You may have heard something last week about a new report from the Delta Cost Project, in the United States. Typically, I’m a big fan of the Delta Cost Project, but I think this particular study misses the point.
The main line of argumentation against college sports in the US is that only a few big schools actually make money on athletics; on the whole, schools lose money, which could otherwise be spent on academics. While true, this point could also be made of other institutional activities, as well. Tech transfer, for instance: it’s pretty clear that schools spend a lot more money on patenting activities than they get back in licensing fees, but everybody does it because you never know if that next patent is going to be the “home run” that makes everything worthwhile.
More to the point, schools that “lose” money aren’t really losing it. As Charles Clotfelter points out in his recent book, schools still get mileage out of that money, because big-time college sports is really about advertising and community relations, and it always has been (historical oddity: part of the quid pro quo for expansion of public higher education in the US south and west was that the institutions “give something back” to the community, in the form of entertainment).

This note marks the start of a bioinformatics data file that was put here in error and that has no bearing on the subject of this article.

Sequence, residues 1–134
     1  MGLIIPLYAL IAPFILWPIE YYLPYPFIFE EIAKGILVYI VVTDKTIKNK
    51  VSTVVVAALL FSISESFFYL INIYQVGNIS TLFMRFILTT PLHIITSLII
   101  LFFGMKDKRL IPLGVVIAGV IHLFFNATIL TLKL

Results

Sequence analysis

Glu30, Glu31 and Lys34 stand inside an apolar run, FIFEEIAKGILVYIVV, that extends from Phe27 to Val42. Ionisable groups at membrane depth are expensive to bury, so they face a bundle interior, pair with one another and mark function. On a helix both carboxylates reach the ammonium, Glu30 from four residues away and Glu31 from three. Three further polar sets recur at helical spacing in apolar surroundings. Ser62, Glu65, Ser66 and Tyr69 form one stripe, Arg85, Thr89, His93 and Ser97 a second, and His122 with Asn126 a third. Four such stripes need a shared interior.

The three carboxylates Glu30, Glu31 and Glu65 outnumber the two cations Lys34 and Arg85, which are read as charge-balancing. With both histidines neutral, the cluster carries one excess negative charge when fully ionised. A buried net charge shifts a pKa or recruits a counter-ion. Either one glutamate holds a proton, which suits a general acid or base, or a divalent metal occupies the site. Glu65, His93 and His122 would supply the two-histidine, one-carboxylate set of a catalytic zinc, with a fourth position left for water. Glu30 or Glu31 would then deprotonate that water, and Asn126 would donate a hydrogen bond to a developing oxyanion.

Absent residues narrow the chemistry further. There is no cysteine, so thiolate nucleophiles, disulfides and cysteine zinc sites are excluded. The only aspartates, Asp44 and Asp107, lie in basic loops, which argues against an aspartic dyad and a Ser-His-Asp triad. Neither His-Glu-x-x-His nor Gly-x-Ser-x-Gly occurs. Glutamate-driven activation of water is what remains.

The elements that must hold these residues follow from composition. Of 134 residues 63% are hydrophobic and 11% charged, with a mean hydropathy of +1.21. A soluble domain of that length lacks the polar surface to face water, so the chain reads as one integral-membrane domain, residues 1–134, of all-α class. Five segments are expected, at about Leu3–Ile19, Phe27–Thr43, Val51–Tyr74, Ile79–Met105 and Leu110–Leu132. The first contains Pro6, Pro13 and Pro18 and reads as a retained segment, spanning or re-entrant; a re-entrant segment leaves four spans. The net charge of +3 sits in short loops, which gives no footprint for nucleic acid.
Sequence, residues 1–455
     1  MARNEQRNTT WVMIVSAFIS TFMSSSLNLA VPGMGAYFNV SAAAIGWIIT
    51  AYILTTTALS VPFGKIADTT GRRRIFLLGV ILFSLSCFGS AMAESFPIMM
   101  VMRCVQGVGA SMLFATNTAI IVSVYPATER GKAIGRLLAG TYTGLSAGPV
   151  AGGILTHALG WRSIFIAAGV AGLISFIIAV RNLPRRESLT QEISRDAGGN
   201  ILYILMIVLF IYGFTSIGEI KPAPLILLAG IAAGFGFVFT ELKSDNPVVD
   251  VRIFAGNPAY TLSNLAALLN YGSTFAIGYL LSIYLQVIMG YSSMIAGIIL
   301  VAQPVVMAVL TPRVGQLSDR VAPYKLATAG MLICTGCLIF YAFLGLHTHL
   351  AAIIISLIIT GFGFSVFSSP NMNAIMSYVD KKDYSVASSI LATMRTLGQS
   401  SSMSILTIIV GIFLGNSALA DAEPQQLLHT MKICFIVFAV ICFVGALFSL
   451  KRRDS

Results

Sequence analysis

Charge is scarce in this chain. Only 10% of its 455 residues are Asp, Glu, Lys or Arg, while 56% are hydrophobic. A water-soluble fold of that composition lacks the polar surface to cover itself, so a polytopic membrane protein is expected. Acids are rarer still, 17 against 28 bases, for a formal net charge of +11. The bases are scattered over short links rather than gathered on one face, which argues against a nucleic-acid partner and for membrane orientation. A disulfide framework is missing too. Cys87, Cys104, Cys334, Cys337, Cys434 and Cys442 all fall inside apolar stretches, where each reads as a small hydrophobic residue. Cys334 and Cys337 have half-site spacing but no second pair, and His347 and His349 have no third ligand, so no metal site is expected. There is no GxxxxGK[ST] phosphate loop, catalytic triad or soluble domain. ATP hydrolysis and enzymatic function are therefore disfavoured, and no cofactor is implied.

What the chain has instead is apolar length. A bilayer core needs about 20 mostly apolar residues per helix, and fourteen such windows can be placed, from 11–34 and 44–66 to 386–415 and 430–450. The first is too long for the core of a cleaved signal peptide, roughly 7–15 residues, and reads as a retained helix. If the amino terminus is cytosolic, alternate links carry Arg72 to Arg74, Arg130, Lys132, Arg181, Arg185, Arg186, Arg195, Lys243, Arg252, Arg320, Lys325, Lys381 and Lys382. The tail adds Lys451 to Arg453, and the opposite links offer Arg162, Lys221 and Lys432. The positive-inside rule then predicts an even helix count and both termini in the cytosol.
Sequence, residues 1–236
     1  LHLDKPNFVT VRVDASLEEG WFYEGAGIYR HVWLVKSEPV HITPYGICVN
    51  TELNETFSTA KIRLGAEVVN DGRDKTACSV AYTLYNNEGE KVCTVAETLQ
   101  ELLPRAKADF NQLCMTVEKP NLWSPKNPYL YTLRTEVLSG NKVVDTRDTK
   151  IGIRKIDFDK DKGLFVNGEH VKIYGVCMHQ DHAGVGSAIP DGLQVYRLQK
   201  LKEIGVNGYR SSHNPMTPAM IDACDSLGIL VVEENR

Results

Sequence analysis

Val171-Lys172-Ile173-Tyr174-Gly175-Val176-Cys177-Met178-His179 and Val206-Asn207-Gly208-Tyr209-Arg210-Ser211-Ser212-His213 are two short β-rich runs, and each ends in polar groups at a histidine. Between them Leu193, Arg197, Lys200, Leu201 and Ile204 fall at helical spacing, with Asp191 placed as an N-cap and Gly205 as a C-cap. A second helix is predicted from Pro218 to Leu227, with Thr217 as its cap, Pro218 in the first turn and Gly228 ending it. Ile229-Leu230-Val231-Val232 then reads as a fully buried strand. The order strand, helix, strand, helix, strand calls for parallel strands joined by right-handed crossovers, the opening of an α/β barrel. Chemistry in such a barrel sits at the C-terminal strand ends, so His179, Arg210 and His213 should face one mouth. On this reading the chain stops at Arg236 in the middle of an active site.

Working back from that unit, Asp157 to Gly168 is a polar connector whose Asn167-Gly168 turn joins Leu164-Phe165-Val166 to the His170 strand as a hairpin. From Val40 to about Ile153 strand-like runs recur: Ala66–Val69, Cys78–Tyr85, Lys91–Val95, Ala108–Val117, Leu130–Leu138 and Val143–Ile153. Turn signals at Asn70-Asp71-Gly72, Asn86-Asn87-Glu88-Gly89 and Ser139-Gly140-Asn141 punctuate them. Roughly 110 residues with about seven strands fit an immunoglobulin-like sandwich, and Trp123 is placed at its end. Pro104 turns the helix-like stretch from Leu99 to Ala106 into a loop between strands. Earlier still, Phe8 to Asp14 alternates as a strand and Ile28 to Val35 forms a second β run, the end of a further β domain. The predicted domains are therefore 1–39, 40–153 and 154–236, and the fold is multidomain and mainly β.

I’m quite sure, for instance, that Alabama gets better treatment in the state legislature now than it did before the Tide began its current run of football dominance. The Flutie Effect that winning sports teams have on college applications is well known. Aren’t those examples of money well spent? Detractors may point out that only a few institutions can ever hope to win big like that; but, yet again, you could make the same argument about tech transfer.
Surely, the more persuasive argument against American college sports centres not around money, but around ethics. As Taylor Branch pointed out in The Atlantic, last year, the system exploits students – mainly African-American men – for the financial benefit of the NCAA and television companies. Instead – as Tom Wolfe so brilliantly exposes in I Am Charlotte Simmons – student athletes are compensated by an on-campus star-system, which not only excuses them from the academic rigours of a campus, but which also, and all too often, condones outright barbarity and violence. And the whole college sports industry colludes in this; the fact that Notre Dame gets more press for Manti T’eo’s fake imaginary girlfriend than for the very real sexual assault/suicide scandal, involving at least two of its Football players, may not be surprising… but it is disgusting.
The lost money isn’t really a big deal. But the loss of ethics at an institution, the loss of its soul, that’s unforgivable.